The Thor movies have consistently been some of my least favorite offerings in the Marvel Cinematic Universe, so I was thrilled when Marvel Studios tapped director Taika Waititi (What We Do in the Shadows) to helm the movie’s third installment. After seeing a short film at San Diego Comic Con featuring Thor moping around the house, wondering why the Avengers hadn’t called, my excitement tripled: Was it possible Waititi’s personal style would be allowed to flourish over Marvel’s streamlined, episodic approach to films?

For better or worse, Marvel movies have a very distinct flavor: you go in pretty much knowing what you’ll get, and that approach largely helps to avoid critic and fan fiascos a la DC’s Batman v. Superman. It also means you’re less likely to walk out of the movie feeling like you’ve seen something innovative or surprising. Thor: Ragnarok doesn’t really break that mold; instead, it’s all about the little things. It feels like Waititi was working with a bland outline for the film and character arcs, but filled in the outline with wild visuals, sharp dialogue, and some of the best casting I’ve ever seen.

The film opens with Thor having visions of the destruction of his home world, Asgard. He returns to it and finds Loki and, eventually, his father Odin, to warn them of the threat and work to prevent it, but the threat materializes anyway in the form of Hela (Cate Blanchett), the goddess of death. The conflict, villain, and goal all materialize in the film’s first 15-20 minutes, but Thor gets sidetracked after being stranded in a place known as Sakaar, which triggers a chain of events that ultimately results in Jeff Goldblum (playing the Grandmaster, but also really playing Jeff Goldblum) forcing Thor to fight The Hulk in a gladiator-style battle.

I think in the hands of many other filmmakers, Thor: Ragnarok could have been a joyless mess. The screenplay had several people working on it and even sparked disagreements about who would receive writing credit. Ultimately, though, the finished product feels like a tedious story that was greatly enhanced through on-set improvisation. We know Thor: Ragnarok has to be a somewhat self-contained story, but the result feels almost like a series of fetch-quests: Thor has to go here, and then there, find this, talk to that person, escape this place, get to that place. Bump after bump creates a series of small scale conflicts for Thor to overcome, and about mid-way through the film, this approach really takes its toll. The most interesting parts of the film were already revealed well ahead of time in multiple previews, so the long series of events and buildup that will eventually place Thor and The Hulk in an arena together are made all the more tedious: we know it’s coming, just give us the fight already!

That little bit of magic sparkle Waititi adds via casting and dialogue really helps to save the proceedings, though. Blanchett is an absolutely stunning, devastating villain – surely one of the best Marvel has produced in a long while. Every single minute of Goldblum’s screen time is sheer joy and delight. Tessa Thompson plays Valkyrie as the Han Solo of the movie, and she shines as one of the most memorable and well-developed companions Thor has had thus far.

Thor: Ragnarok is also genuinely funny when it’s not caught up in conflict (there are even a few interesting cameos to kick things off). And beyond all of the interesting characters that are added to Thor’s universe in this go-around, the entire look of the film is gorgeous: bright, neon, over the top colors and costumes as far as the eye can see. It’s also worth mentioning that the tone Chris Hemsworth strikes as Thor in this film is probably the best they’ve ever done with this character on screen. He still has just the right balance of arrogance and self-doubt, but the character no longer needs fish-out-of-water jokes to be funny.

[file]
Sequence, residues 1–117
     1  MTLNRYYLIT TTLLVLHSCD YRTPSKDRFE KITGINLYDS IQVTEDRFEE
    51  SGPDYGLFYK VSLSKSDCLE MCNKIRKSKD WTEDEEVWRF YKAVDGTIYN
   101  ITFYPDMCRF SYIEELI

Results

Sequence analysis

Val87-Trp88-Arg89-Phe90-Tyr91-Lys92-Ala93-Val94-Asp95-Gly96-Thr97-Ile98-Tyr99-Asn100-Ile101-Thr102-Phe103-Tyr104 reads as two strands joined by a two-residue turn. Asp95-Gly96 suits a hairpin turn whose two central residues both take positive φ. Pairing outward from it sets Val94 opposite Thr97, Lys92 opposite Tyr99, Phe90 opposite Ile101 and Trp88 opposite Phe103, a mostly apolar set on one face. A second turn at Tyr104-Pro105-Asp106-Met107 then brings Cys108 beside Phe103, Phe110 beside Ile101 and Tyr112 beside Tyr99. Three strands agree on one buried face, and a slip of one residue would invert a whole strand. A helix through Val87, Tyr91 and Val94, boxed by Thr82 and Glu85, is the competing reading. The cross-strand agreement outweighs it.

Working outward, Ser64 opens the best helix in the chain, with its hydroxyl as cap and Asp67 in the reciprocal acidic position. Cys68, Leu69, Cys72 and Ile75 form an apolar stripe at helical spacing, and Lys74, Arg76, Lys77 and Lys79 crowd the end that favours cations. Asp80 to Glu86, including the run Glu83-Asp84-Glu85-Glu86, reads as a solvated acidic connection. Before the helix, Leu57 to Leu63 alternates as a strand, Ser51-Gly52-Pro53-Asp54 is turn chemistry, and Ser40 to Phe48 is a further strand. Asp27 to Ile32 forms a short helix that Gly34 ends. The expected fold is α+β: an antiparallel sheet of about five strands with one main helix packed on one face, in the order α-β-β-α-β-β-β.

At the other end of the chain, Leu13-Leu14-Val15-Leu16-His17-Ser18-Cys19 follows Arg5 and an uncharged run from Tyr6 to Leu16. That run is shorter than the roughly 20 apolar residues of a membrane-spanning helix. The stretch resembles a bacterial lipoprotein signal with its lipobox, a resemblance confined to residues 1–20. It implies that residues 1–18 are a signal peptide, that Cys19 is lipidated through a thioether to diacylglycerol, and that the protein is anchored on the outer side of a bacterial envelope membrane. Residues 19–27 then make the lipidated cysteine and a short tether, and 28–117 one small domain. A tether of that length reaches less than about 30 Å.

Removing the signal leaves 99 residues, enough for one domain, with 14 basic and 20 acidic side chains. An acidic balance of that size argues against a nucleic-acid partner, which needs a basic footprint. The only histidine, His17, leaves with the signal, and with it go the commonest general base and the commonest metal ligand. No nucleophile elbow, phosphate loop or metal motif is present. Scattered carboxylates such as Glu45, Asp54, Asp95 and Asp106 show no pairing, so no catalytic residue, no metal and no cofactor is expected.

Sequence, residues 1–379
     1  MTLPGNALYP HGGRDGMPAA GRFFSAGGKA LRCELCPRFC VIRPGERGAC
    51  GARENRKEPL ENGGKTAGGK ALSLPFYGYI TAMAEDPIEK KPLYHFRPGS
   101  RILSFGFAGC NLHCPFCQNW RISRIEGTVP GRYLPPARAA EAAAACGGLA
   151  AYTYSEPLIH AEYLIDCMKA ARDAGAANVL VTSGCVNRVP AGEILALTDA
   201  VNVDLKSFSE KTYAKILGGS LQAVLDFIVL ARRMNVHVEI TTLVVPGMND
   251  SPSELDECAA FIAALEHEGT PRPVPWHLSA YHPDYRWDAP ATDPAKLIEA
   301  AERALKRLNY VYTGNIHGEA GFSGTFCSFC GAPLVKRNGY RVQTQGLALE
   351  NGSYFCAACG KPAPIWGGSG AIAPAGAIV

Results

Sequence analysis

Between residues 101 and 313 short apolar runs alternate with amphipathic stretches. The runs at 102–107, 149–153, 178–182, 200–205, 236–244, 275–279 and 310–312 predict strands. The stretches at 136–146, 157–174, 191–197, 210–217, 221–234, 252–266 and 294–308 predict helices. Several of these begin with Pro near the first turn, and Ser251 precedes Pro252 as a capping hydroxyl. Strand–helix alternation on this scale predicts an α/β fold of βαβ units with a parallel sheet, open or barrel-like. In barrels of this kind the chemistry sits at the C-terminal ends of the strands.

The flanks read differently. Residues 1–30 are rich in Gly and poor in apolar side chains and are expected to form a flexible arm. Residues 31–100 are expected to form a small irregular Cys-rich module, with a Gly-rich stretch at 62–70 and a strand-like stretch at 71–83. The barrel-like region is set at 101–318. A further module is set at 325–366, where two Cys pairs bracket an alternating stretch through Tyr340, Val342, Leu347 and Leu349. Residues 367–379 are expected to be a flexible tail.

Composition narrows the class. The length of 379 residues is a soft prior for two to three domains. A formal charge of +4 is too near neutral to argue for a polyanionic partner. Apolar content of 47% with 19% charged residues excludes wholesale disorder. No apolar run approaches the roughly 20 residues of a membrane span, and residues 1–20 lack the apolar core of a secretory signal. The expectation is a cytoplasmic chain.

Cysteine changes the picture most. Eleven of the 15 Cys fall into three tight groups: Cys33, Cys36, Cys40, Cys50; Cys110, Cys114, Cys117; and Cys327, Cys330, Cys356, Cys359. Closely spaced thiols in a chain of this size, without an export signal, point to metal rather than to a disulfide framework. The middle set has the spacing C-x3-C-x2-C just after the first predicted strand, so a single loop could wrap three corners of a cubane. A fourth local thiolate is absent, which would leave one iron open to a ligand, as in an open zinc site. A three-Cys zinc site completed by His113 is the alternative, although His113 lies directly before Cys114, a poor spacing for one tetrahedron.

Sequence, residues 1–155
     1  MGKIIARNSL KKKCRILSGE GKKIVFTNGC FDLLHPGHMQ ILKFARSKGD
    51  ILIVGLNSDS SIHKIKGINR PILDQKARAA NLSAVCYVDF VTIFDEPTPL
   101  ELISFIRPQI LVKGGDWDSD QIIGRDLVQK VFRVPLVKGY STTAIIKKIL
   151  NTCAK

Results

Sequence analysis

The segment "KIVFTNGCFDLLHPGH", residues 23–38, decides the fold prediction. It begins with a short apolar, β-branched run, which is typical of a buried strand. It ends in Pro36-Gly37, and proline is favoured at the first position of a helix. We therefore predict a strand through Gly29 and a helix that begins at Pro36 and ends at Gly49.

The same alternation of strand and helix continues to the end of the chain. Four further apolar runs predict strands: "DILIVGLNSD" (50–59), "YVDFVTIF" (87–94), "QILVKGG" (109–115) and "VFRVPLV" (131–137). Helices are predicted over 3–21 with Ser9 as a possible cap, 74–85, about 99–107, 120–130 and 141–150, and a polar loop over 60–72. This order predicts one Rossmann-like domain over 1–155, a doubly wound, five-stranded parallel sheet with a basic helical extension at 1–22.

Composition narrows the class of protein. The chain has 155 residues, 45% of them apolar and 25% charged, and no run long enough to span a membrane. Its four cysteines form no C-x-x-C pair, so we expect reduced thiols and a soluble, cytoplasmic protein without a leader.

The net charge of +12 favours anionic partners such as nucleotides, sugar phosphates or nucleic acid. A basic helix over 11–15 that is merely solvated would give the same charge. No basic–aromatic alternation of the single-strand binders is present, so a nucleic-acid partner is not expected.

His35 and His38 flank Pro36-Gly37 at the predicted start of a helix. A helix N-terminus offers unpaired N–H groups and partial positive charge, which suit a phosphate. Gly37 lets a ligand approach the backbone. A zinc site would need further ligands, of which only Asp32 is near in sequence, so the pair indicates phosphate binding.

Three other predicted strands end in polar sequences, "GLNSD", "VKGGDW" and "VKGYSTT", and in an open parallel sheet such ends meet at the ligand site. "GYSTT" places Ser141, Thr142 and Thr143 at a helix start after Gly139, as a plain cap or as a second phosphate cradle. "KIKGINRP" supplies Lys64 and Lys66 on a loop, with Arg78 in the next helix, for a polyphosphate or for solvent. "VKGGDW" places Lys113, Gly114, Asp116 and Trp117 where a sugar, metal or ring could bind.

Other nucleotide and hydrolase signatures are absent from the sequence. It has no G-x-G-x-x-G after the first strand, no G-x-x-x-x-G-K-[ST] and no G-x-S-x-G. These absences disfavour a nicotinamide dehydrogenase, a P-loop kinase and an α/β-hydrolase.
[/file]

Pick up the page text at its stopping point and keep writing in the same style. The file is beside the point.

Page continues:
Overall, the skeleton of Thor: Ragnarok is slight at best and completely meandering at worst. But the way the cast, dialogue, and visuals have filled in that outline make the film one of the best in Marvel’s lineup and far and away the best Thor movie thus far.


  1. Not Marvel’s best. Parts of the film absolutely soared. Everything from arriving on Sakaar to Bruce Banner turning up was A*+++ quality goats. The stylish escape in the intro also stands high in my memory. Of the rest, it felt rushed and forced with multiple styles smoothed inartistically, unconvincing character development and plot developments etc. Pacing was… weird — not bad but not always good either. Great looking film, a few good laughs, but for story I’d rather see GotG2 again.

  2. This is easily the best film in the MCU. I can only hope that if they make Captain America 4, the Russo Brothers turn it into a full-on self parody, with the Russos hiring writers from the TV shows “Community” and “Happy Endings” to make an “Airplane/Naked Gun” style laugh fest with Chris Evans and company camping it up to the hilt.

  3. The MCU may be headed down the road that, seven decades ago, led the Universal monsters to ABBOTT AND COSTELLO MEET FRANKENSTEIN. Maybe the Avengers will meet Adam Sandler or Chris Rock in a future movie.

  4. I do the Marvel Unlimited version of the MCU. Just watched Spider-Man: Homecoming from the library this weekend.”

    The glee I got from speedballing credits and being borderline trolled with the Cap PSA outtake catching a rare bit of Steve’s humanity that summed up the tedium of the formulae so well…

    well let’s just say I’m looking forward to watching this movie a year from now.

    “also watched What We Do in the Shadows on Prime. Dear box office: advantage-me

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